The KC Royals made a young shortstop a millionaire when they drafted him in 2019. Now, baseball has become a complicated game for him.
In a perfect baseball world, Brady McConnell would be comfortable, secured financially by his multi-million dollar deal with the KC Royals and talented enough to make the major leagues all but a sure thing.
But for McConnell, baseball is not what it was a year ago when the Royals made him their second-round amateur draft pick and signed him for a reported $2,222,500. Now, it’s a game McConnell and countless others may not play this year–the minor leagues, where McConnell would play, face a pandemic-shortened season at best and cancellation at worst.
But other factors also complicate McConnell’s baseball life. He didn’t hit well or play good defense in the minors after he signed, then suffered a season-ending concussion and missed Fall League work, and another top prospect may block his path to Kauffman Stadium. The risk of becoming a forgotten man in the Royals’ organization is low, but it’s a risk nevertheless. And it starts with a poor rookie campaign.
To appreciate McConnell’s final college season is to understand why his 2019 pro debut was disappointing. He hit 15 home runs, drove in 48 and slashed .332/.385/.576 with a .961 OPS in 59 games for Florida, making him more attractive for the 2019 draft than he was in 2017 when the Reds picked him in the 33rd round but failed to sign him. The Royals found McConnell so appealing that they took him in last year’s second round after already grabbing another highly-touted shortstop–Bobby Witt Jr.–in the first.
McConnell reported to Kansas City’s Arizona Rookie League team the day after he signed and he collected two hits in two games before moving to Idaho Falls, another KC Rookie team, where he struggled with just four home runs and a feeble .211 average in 38 games.
More concerning than his average, however, is one of its root causes: McConnell struck out 66 times in 152 at-bats, an alarming strikeout rate (39.02%) warranting far more concern than his first-year failure to hit for much power. (Comparatively, Adalberto Mondesi had the highest 2019 strikeout rate among KC Royals regulars–29.80 in 102 games–and Jorge Soler fanned 26.33 percent of the time while playing every KC game).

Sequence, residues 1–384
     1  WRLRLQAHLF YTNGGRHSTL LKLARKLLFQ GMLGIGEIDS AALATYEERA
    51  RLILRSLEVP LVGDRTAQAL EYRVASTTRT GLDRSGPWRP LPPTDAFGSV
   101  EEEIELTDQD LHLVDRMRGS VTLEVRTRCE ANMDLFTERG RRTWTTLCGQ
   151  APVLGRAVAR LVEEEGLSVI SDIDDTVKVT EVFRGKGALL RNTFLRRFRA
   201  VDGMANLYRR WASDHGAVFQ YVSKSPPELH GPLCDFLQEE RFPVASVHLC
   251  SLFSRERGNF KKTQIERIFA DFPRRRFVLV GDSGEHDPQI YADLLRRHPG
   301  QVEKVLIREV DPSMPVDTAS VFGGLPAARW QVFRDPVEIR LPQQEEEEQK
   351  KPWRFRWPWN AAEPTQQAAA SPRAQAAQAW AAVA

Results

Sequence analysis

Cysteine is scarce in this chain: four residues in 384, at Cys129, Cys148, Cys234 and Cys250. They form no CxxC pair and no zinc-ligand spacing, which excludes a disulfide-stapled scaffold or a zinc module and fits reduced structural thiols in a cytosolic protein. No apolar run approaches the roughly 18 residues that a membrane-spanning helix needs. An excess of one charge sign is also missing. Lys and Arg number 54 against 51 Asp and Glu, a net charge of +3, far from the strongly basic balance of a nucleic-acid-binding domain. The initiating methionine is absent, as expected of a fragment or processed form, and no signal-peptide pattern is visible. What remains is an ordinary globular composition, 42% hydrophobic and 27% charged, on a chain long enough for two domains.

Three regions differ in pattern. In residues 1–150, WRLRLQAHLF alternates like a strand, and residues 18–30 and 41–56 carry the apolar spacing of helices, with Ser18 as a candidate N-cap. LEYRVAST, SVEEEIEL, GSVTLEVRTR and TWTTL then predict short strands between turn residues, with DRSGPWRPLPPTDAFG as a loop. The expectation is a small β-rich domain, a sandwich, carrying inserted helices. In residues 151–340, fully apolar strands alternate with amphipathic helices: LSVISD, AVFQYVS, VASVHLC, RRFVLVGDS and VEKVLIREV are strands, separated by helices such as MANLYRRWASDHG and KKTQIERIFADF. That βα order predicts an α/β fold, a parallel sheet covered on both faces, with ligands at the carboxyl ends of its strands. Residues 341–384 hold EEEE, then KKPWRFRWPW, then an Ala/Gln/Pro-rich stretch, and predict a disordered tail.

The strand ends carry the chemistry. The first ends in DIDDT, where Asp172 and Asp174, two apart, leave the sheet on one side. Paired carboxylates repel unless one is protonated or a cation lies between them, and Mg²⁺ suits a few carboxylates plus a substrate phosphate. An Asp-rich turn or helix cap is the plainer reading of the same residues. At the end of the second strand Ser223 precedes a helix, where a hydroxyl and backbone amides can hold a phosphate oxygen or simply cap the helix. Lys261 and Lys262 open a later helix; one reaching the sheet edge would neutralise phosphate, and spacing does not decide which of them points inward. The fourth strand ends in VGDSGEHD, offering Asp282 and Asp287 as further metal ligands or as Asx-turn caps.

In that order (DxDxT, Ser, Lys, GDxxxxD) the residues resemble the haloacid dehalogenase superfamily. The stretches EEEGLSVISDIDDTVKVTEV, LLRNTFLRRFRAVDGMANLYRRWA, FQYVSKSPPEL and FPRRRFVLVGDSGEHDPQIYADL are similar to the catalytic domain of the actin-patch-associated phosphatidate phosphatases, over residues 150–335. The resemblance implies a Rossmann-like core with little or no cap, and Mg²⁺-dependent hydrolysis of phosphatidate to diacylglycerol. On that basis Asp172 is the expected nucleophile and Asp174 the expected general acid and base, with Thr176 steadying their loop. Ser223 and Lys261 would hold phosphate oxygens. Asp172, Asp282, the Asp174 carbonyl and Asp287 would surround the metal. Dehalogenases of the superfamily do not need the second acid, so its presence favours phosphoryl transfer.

Then there was McConnell’s defense at Idaho Falls. He made 16 errors in 24 games, a stunningly deficient .849 fielding percentage.
And if problematic hitting, strikeouts, and defense weren’t enough, a throw concussed McConnell, cut his season short, and prevented him from playing in the Arizona Fall League where he could have worked on plate discipline and his glove work.
Because the Royals have much invested in McConnell and don’t want a second round pick to wind up wasted, he’ll get sufficient attention to all aspects of his game. But improvement may not guarantee McConnell a ticket to Kansas City. In his path lie significant obstacles.
McConnell, remember, is a shortstop. So is Adalberto Mondesi, a key to the anticipated Royal renaissance; so, too, is Witt, to whom Mondesi presents a challenge that may well force Witt to change positions.
The Royals’ stock of fine shortstops (Nicky Lopez can also play there) is a good thing for the organization but may leave McConnell the odd man out. Fortunately, his athleticism and build (6-3, 195) render him suitable for a position change; in fact, he worked on outfield technique at Idaho Falls and was slated to continue that work in the AFL before he was hurt, so the organization is already thinking, and perhaps planning, ahead.
It remains to be seen whether McConnell’s college success arose from talent disparity–after all, good college hitters often feast on less-talented pitching, then struggle against better pro hurlers. McConnell, though, played in the talent-rich SEC, and professional scouts and front offices don’t base decisions solely on college performance. The KC Royals saw more than just excellent college stats in McConnell.
It also remains to be seen whether McConnel’s immediate move from college to pro ball caused, or contributed significantly to, his 2019 troubles. Even if it did, McConnell, presently ranked by mlb.com as the organization’s 15th best prospect, needs refinement. Fortunately, plate discipline and adequate defense can be learned and the Royals clearly believe he can hit, and hit with power; time and work will tell.
And a position change might help. Getting to The Show is hard enough without having to beat out talents like Mondesi and Witt. If not shortstop or the outfield, first base might be an option if the Ryan O’Hearn vs. Ryan McBroom competition doesn’t resolve questions there, if Nick Pratto doesn’t recapture the form that made him the KC Royals’ 2017 first round pick, or Travis Jones doesn’t pan out. McConnell certainly has the size for the position.
For now, McConnell remains highly visible on the Royals’ radar. That won’t change even if the minor leagues play a short season or sit this year out; although a short campaign could hurt some KC major leaguers, expect the team to find effective ways to keep prospects sharp and working to improve. McConnell appears too good to get lost in the muddle of a lost season, but it will take work to avoid becoming forgotten, or an odd man out, down the road.
Brady McConnell struggled in his first season in the KC Royals organization. With work, he should improve his chances to play in the big leagues.